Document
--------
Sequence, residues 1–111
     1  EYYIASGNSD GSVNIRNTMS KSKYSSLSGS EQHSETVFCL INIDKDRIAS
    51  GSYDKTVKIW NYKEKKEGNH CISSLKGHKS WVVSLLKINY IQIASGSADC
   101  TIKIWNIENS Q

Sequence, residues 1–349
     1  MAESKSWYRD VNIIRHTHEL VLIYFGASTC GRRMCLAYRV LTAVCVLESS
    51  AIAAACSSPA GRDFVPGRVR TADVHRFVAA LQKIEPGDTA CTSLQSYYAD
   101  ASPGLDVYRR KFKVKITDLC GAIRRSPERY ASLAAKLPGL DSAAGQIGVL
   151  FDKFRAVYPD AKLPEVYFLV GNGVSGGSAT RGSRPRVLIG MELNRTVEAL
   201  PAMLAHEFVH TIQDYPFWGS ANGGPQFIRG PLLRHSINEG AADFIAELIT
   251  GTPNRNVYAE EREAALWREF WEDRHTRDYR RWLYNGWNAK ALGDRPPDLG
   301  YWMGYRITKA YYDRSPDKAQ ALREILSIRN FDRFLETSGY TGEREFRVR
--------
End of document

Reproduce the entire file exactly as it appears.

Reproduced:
Sequence, residues 1–111
     1  EYYIASGNSD GSVNIRNTMS KSKYSSLSGS EQHSETVFCL INIDKDRIAS
    51  GSYDKTVKIW NYKEKKEGNH CISSLKGHKS WVVSLLKINY IQIASGSADC
   101  TIKIWNIENS Q

Sequence, residues 1–349
     1  MAESKSWYRD VNIIRHTHEL VLIYFGASTC GRRMCLAYRV LTAVCVLESS
    51  AIAAACSSPA GRDFVPGRVR TADVHRFVAA LQKIEPGDTA CTSLQSYYAD
   101  ASPGLDVYRR KFKVKITDLC GAIRRSPERY ASLAAKLPGL DSAAGQIGVL
   151  FDKFRAVYPD AKLPEVYFLV GNGVSGGSAT RGSRPRVLIG MELNRTVEAL
   201  PAMLAHEFVH TIQDYPFWGS ANGGPQFIRG PLLRHSINEG AADFIAELIT
   251  GTPNRNVYAE EREAALWREF WEDRHTRDYR RWLYNGWNAK ALGDRPPDLG
   301  YWMGYRITKA YYDRSPDKAQ ALREILSIRN FDRFLETSGY TGEREFRVR